It is not uncommon for a prospective purchaser of a property to ask that the purchaser be shown as e.g.., John Brown or nominee. This is not uncommon in real estate auction situations. There are problems that can flow from such wording and these problems can affect the rights of both the purchaser and the vendor.
It has been held in a recent Victorian case that similar wording creates a situation where the nominated purchaser will have no contractual rights against the vendor in respect of issues arising under the Contract. Similarly the vendor will have no rights against the end nominated purchaser. Further, the vendor’s rights against the purchaser named on the original Contract can be clouded because of the nomination provision.
In New South Wales, a nomination by one purchaser in favour of another purchaser will normally attract additional stamp duty, i.e., stamp duty is paid in full both by the purchaser named on the Contract, and by the purchaser who is nominated and eventually purchases the property.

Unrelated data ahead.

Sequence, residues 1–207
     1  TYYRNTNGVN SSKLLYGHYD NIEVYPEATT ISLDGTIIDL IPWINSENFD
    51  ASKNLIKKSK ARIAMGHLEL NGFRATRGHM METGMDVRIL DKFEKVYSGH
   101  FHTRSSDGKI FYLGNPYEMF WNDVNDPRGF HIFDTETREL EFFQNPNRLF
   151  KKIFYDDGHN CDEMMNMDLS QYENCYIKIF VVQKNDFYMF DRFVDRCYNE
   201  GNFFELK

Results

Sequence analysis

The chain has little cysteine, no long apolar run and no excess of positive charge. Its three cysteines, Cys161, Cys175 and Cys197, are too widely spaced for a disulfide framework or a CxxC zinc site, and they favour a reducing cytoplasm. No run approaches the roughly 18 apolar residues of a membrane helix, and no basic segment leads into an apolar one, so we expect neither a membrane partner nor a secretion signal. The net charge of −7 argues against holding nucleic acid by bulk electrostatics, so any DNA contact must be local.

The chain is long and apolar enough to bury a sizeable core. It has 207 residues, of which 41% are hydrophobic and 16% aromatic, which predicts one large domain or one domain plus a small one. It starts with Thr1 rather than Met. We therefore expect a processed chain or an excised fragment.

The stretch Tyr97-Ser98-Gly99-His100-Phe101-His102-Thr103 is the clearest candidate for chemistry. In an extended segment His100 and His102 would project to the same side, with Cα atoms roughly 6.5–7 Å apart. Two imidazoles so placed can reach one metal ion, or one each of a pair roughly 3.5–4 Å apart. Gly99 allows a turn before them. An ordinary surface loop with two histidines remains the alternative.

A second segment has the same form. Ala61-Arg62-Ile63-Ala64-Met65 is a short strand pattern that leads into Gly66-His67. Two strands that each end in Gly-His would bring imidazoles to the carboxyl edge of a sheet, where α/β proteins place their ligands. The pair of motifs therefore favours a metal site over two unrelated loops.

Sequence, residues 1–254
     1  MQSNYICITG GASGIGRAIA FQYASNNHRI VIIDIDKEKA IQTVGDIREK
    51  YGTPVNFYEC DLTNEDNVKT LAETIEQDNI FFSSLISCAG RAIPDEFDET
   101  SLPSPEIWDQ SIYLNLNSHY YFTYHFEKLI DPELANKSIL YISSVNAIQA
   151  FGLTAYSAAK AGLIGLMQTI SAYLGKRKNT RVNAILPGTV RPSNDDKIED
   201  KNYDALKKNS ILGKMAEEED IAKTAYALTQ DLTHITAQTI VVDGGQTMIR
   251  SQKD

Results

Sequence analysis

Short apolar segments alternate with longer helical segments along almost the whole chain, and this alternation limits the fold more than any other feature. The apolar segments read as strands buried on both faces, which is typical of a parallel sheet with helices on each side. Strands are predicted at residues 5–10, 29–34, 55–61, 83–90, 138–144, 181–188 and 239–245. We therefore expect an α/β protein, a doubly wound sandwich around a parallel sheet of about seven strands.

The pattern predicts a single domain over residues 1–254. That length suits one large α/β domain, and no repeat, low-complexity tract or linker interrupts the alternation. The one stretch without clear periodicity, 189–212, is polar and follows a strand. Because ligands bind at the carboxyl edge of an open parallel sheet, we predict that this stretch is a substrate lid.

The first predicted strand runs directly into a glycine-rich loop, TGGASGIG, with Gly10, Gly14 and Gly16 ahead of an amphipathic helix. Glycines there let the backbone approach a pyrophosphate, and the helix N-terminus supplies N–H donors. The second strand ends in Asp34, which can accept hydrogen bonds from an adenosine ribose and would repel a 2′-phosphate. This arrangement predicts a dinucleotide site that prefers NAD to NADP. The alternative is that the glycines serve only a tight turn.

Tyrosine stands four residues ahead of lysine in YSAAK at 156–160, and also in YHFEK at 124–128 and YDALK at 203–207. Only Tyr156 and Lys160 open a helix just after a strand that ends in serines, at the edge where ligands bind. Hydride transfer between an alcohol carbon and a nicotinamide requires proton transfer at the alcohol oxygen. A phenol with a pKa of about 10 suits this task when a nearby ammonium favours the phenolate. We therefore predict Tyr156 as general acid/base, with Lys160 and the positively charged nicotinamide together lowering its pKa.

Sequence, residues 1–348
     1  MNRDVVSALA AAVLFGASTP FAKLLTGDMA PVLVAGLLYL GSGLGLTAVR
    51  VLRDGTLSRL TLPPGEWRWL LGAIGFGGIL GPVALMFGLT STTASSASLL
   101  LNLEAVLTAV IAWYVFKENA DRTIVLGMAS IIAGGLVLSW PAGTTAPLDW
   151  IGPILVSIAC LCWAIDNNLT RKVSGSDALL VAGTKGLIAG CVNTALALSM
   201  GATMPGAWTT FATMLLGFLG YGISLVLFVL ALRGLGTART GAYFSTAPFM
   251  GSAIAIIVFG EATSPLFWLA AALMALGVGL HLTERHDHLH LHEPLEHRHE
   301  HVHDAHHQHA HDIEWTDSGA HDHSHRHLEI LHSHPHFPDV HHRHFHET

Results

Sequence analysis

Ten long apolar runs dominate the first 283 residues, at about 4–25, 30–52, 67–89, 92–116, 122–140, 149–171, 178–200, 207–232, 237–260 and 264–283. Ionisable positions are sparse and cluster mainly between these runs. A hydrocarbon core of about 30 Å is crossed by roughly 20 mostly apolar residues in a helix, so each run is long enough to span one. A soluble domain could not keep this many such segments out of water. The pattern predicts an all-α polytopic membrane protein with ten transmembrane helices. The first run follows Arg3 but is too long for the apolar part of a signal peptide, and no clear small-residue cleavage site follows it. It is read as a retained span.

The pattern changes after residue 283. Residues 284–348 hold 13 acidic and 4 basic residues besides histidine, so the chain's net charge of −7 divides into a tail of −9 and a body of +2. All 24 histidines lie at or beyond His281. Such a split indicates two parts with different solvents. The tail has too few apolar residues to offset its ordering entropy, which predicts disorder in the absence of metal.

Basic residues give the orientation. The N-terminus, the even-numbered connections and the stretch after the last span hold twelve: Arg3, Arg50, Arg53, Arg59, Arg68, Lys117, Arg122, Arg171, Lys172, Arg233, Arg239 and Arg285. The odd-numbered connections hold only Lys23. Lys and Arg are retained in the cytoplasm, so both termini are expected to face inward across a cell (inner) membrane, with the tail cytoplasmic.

In order to avoid the impact of double stamp duty, the purchaser when entering into a Contract should ensure that the correct name is shown on the Contract. If there is the likelihood that another person or company will be the ultimate purchaser, the Contract should contain a properly drafted novation clause which will ensure that the rights and obligations of the respective parties under the Contract will be maintained. Double stamp duty will still be incurred but at least the contractual rights and obligations of the respective parties will be clear.
In certain circumstances, stamp duty paid by the original purchaser may be refunded but the rules are complex.
Novation clauses and the associated stamp duty issues are complex. The advice of a competent lawyer should always be sought.